Whilst this isn’t necessarily a bad attacking formation at all, in my case, it lacked penetration. My front 3 lacked the space they wanted whilst the 2nd bank of 4 attackers (3,10,8,2) remained sat behind them. Sometimes they would venture a forward run but they would only be running forward into a bank of defenders anyway. Even with more creative players it was hard to play through the opponents and impossible to play over them. In many cases the opponents often played with a DM as well to catch any decent forward runs from the 2nd bank of attackers or pick up the 9 dropping slightly deeper. When attacking heavily like this my team became stagnant, predictable and I had inadvertently limited their main threat. Passing to feet and retaining possession just exacerbated the problem by limiting the options available to my ‘suppliers’ in the 2nd bank.

Understanding this inherent weakness in my side meant that I could now think carefully about creating an alternative system that did cause negative defensive systems more trouble. Dropping deeper helped to regain some much needed space but also gave the negative opposition more counter-attacking space. I wanted to develop a way of attacking that built on my philosophy but broke those 2 attacking banks into a more cohesive unit. I needed to work out how to get more complex vertical movement into my attack.

Changing Strata – Run From Deep & Mentality

The Run From Deep and Mentality sliders are crucial to allowing your team to alter its shape when attacking. I figured that I could use the RFD instructions to allow players from different lines to cross one another, some moving backwards, some moving forwards and that this vertical movement between my banks of attack would create confusion in the defence which would allow my quick, clinical wingers the space that they required. What I wanted was an attack that allowed more variation in the type of chance I was creating so representing it with a single screenshot is difficult but, in essence I wanted my attack to do this:

433VFAttackPassing.jpg

This diagram is already more complicated than my previous attacking schemes and certainly doesn’t show all of the attacking threat this system possesses. My first decision was that I wanted a more fluid attacking unit. My front 3 are a decisive trio of strike players but if I could increase the numbers to 5 or 7 players (all capable of switching between supply and strike) whilst continuing to create space then I would have an infinitely more complex attacking team. I needed to go to extremes. My general philosophy for this attack broke down to several key factors:

Fluidity – I wanted the front 7 to be fluid. I want them to use their vision and their decision-making ability to decide where best to position themselves. I want them to cover for each other and I want them to offer themselves in unpredictable and novel ways.

Free Roles – Linked to fluidity, I wanted the core of 5 attacking players to be free to roam all over the pitch. This potentially leaves my back 3 open to counter attack but their triangle shape forces attacks to the wings where my quick, hard working full-backs will have time to recover. Due to the fluid nature of my mentality structure 1 full-back and 1 central midfielder should remain cover for the other when they move forward although I’ll accept that I’ll occasionally get caught out.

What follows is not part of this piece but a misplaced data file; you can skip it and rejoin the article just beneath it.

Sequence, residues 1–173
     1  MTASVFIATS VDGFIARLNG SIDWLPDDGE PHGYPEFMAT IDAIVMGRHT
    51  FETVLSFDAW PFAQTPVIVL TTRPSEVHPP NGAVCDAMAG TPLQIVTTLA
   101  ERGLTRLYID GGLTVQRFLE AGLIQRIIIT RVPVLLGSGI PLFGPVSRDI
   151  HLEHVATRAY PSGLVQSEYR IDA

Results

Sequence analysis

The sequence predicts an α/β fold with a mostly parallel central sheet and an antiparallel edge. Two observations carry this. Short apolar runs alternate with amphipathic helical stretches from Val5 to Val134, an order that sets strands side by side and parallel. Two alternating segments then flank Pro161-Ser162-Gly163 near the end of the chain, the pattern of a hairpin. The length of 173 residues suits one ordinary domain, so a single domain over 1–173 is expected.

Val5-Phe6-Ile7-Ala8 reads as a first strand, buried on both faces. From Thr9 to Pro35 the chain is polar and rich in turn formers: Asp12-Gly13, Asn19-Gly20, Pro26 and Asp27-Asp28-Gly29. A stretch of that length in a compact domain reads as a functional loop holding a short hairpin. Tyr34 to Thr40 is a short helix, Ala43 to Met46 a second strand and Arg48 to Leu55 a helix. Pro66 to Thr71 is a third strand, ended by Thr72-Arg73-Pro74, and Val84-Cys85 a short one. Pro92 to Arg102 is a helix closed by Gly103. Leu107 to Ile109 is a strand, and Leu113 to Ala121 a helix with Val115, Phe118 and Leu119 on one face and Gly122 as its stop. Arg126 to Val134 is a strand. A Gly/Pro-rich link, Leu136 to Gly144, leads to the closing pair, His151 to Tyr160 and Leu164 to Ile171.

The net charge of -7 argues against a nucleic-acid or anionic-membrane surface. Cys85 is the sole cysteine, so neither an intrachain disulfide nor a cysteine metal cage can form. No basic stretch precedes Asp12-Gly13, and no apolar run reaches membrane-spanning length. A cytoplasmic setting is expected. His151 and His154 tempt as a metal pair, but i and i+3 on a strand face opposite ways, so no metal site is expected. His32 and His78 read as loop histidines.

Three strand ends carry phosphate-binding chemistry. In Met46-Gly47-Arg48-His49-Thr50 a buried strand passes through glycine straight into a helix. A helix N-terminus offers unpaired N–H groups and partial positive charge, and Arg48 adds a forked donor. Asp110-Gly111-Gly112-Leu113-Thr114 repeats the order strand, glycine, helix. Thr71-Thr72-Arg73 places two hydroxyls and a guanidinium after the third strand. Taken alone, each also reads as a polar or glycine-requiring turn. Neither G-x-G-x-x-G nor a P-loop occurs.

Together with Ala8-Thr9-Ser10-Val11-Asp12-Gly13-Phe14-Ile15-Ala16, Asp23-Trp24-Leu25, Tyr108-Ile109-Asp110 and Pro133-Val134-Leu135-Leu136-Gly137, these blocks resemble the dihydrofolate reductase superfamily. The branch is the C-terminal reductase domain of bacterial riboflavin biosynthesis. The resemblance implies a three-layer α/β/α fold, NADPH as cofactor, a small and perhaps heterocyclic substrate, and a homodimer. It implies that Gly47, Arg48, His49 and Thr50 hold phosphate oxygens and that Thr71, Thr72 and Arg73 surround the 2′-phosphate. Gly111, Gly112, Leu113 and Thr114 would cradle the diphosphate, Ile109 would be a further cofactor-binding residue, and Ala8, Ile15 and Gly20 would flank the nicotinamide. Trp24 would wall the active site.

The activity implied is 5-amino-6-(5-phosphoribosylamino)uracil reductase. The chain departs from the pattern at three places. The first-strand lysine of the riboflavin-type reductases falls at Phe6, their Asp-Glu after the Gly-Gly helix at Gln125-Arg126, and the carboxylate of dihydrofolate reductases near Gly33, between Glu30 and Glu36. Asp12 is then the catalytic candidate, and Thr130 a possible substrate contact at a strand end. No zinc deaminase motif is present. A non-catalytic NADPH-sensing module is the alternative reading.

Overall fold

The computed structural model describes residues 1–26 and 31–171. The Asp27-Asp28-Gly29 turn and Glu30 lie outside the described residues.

Crosses – I needed some more inherent width, as my wide forwards are basically strikers heading towards goal I needed the full-backs to overlap to offer a different attacking threat. They aren’t particularly good crossers but I’ve got brutes all throughout my team and I’m packing the box so there should be some decent targets at least occasionally (this has worked incredibly well so far with goals directly from crosses or from the resulting rebound/half-clearance).

So, with these ideas in mind I used the TC to shape the team and then added a few minor tweaks to really elicit the behaviour I’m after:

433VFRolesDuties.jpg

As you can see it, apart from the duties the only difference is the role of the central midfielders. The team instruction was changed to be control as this pushes the team further forward, wider, quicker and changes the passing to increase the passing options for my fluid group of 7 attackers. The only tweaks I have considered here so far are changing the Complete Forward to a support duty to encourage him to drop slightly deeper, alter the DM to a deep-lying playmaker/support to provide even more attacking threat (at the expense of defensive solidity and possibly possession but needs must at times) and to change the full-backs to wing-backs which increases their passing repertoire (again, possibly at the expense of giving away possession).

The key tweaks beyond TC defaults are like this:

433VFKeyDiffs.jpg

The biggest difference is the mentality structure which is fluid across the board for the attacking 7 players whilst allowing the defensive trio to retain their shape. The RFD instructions are set up similarly but, crucially the FC is set to default to allow him to pull back and let both or either of the MC’s run past him. I may set this instruction to rare to really ensure he drops deep but for now it is working fine.

Beyond mentality and run from deep, which are my 2 key instructions to alter the shape of a team with and without the ball, the passing style is set to allow the attacking 7 more freedom than the defenders whilst the Roam From Position sees the core of 5 attackers free to move amongst each other to create further unpredictability.

The wide play sees the full-backs create width which naturally sees them run beyond the inside forwards to get into positions to cross into the box. A further tweak which I think might be crucial is to keep the FC central – I want him to interest a DC to allow gaps for my MCs or FR/L and I’m unsure which Wide Play instruction will be best for him but this is where the evolution of tactics becomes essential.